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Background: Adam Ryan, Head of Sales
Could you start with a little bit of background — where’d you begin your career, how’d you get into sales, and how’d you ultimately land at The Hustle?
Adam: I studied to be a high school social studies teacher in my undergrad. After a few short months of teaching 9th-grade, I realized that adults were more my speed. I went back to school to study Corporate Education with the goal of becoming a corporate trainer.
While studying, I worked full-time for a national nonprofit that had a cause close to my heart. My goal was to help them discover new donation opportunities. Leveraging these skills, I made the jump into advertising sales by joining a Series E Goldman Sachs-backed media company where I spent a few years as an individual contributor. This is also when I started to read The Hustle.
My next move was to Under Armour’s new Connected Fitness division (MapMyFitness, MyFitnessPal, etc.) where I was a senior member of their small advertising team trying to monetize the company’s largest purchase. During my time there, Sam and I started to talk more about The Hustle and how it could scale with advertising (we had known each growing up in St. Louis).
In August of 2016, I started to moonlight for The Hustle and help out where I could. This is when I started to fall in love with the opportunity. After lots of convincing to my wife of 2 months, I made the jump full-time to The Hustle as the 5th employee. Today The Hustle sits at 25 full-time employees- with 5 starting the last 2 months.
Q: How does one reach people outside their circle for B2B products? I’ve made people refer me and that’s definitely been easier than cold emailing, but how do I scale this? Yeah, inbound marketing is one thing. And we’re doing that. Is that the only way?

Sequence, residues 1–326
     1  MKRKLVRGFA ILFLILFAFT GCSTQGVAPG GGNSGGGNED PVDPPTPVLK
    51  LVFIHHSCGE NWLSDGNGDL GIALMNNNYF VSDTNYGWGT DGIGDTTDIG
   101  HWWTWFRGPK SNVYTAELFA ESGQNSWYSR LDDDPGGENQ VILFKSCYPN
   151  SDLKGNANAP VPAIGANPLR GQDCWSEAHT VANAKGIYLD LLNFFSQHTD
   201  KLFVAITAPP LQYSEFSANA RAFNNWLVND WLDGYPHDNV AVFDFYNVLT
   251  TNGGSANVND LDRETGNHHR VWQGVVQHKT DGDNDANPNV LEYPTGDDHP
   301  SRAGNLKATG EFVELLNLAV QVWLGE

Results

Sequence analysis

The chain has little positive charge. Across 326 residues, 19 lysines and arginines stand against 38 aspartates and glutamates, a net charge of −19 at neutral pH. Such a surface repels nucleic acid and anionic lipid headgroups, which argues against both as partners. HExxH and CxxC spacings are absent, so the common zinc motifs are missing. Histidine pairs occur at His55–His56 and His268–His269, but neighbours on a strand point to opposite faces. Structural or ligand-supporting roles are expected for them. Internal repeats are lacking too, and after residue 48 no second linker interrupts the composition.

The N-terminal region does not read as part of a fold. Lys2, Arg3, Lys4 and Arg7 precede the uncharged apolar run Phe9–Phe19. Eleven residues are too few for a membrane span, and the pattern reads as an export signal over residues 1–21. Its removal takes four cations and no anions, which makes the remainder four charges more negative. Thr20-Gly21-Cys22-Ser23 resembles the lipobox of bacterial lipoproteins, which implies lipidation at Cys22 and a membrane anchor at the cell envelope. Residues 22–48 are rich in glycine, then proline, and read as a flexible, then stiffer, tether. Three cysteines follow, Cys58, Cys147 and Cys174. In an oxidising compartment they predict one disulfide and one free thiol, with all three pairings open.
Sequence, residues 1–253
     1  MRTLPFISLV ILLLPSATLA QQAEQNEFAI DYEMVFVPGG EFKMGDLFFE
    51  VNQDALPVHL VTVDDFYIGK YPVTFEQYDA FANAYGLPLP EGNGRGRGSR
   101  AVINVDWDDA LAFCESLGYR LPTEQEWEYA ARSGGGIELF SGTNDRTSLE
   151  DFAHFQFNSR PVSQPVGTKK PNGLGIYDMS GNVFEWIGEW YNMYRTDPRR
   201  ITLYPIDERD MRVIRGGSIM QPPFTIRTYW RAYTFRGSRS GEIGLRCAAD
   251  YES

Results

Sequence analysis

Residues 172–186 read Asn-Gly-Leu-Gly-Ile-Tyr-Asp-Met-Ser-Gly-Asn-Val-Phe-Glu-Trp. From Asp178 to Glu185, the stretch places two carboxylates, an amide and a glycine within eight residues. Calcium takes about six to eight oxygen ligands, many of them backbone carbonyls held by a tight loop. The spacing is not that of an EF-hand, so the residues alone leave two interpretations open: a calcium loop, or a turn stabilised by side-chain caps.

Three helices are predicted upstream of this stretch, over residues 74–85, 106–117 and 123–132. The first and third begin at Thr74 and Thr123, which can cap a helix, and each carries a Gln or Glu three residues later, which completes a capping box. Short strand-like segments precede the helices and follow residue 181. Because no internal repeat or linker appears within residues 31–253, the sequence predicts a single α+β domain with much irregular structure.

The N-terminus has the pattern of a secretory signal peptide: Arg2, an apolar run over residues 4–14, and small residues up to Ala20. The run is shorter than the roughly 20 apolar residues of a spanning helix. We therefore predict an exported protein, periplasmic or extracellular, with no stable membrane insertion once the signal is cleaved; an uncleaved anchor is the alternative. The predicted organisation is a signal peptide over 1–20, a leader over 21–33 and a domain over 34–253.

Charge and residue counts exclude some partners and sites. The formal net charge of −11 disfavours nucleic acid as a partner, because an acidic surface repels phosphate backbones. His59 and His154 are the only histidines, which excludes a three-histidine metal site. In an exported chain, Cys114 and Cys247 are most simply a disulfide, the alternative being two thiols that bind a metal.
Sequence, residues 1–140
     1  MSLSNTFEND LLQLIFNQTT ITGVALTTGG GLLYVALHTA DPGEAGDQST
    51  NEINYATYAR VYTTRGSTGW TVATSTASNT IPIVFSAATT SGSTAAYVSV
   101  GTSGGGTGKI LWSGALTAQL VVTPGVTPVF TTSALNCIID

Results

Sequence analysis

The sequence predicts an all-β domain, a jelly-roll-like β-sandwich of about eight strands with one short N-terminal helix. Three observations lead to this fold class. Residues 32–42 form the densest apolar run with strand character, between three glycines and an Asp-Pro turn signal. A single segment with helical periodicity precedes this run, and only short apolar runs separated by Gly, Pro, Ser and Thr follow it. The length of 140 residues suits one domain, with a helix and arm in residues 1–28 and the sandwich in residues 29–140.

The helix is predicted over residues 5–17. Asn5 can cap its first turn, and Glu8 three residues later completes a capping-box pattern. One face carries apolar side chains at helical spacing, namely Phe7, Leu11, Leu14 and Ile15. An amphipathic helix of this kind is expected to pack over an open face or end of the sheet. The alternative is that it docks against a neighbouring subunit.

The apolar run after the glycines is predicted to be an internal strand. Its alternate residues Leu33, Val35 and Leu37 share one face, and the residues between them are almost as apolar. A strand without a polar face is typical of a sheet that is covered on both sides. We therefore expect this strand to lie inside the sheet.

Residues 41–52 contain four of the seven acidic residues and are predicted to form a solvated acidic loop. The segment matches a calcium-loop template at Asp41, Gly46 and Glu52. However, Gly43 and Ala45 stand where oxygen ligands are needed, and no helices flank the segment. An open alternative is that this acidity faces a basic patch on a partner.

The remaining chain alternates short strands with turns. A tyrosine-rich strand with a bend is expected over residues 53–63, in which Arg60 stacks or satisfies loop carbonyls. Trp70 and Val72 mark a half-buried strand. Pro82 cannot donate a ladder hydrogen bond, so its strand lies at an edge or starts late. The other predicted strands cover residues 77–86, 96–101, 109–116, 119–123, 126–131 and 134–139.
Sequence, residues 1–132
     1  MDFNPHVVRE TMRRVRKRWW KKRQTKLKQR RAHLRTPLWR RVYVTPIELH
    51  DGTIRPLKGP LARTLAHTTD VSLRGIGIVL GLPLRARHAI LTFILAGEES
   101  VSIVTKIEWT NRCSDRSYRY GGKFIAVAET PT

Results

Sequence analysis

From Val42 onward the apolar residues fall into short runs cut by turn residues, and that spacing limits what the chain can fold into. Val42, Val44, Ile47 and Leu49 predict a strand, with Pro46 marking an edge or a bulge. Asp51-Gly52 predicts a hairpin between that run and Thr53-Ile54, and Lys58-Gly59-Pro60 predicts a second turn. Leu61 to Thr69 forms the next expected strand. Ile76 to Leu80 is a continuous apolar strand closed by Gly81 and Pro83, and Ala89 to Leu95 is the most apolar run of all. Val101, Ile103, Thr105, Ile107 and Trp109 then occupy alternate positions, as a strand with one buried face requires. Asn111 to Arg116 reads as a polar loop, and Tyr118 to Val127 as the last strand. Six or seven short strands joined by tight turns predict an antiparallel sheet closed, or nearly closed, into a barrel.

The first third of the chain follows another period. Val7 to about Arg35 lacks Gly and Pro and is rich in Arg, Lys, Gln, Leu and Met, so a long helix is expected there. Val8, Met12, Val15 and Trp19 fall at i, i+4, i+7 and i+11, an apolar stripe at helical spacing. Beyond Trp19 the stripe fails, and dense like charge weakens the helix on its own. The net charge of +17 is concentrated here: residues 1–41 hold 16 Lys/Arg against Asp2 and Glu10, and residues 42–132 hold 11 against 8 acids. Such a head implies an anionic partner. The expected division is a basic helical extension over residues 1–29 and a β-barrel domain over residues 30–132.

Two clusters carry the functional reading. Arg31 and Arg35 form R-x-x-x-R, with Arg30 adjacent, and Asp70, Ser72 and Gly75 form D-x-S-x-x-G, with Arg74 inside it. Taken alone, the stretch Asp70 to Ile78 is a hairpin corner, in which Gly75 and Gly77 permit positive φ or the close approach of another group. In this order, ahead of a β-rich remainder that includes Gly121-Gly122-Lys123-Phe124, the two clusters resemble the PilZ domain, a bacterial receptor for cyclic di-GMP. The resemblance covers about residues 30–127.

A: Having a holistic demand generation is critical at scale. Inbound, outbound, nuturing, and all the other marketing buzzwords that enable sales team success. Also, because something is harder (read: cold emails), doesn’t mean it’s wrong. Our team consistently uses outbound efforts with cold emails to gather the attention of companies we admire and want to work with in the future.
Q: What tools are you guys using to help your sales team identify prospects and get their contact information?
A: MediaRadar, Clearbit, and LinkedIn
Q: How targeted/segmented can we get with the newsletter?
A: We don’t target/segment based on demographics. We don’t believe in doing this unless we have first-party data, which you never provided us when you signed up! We do create custom content for each ad and that relevant content has allowed us to work with niche industries at a successful rate.
Q: Do you also target baby boomers in your marketing campaigns?
A: The only paid marketing efforts we make are for our Daily email. We don’t filter by age. We love us some Baby Boomers.
Q: What was the first thing you did when you landed at The Hustle, and the first sale you made there?
A: I started at The Hustle moonlighting when I was working at a publicly-traded organization. So the first thing I had to do was create a process to be effective for The Hustle while not getting caught. Then Sam sat on a call of mine with a marketer at a large company that I had a relationship with to see if I was blowing smoke. My first sale was for $2K and called The Fruit Guys. Sam sold some ads before I started, I believe the first was Wealthfront.
Q: How much did you know how to charge for advertising vs the size of your list? Did any of your team have experience in ad sales before this? How do you determine who is a good fit for advertising, since it does seem to be strategic?
A: I have worked at a few publishers in the past and fairly familiar with pricing models. Besides myself, no one of the original 5 employees had any experience in media or advertising. In many ways, this was a benefit. The experience I did have allowed us to create a scalable revenue model and recognize the type of hires we needed to grow quickly. In terms of who is a good fit, I always believe that The Hustle was a B2B and B2C media company – which then it was ensuring we only work with brands we admire.
Q: How did you manage and evolve, the sales … “carrot” for your team? Was a % of each sale? A fixed number when they reached a target? And that structure, has changed? When? For what?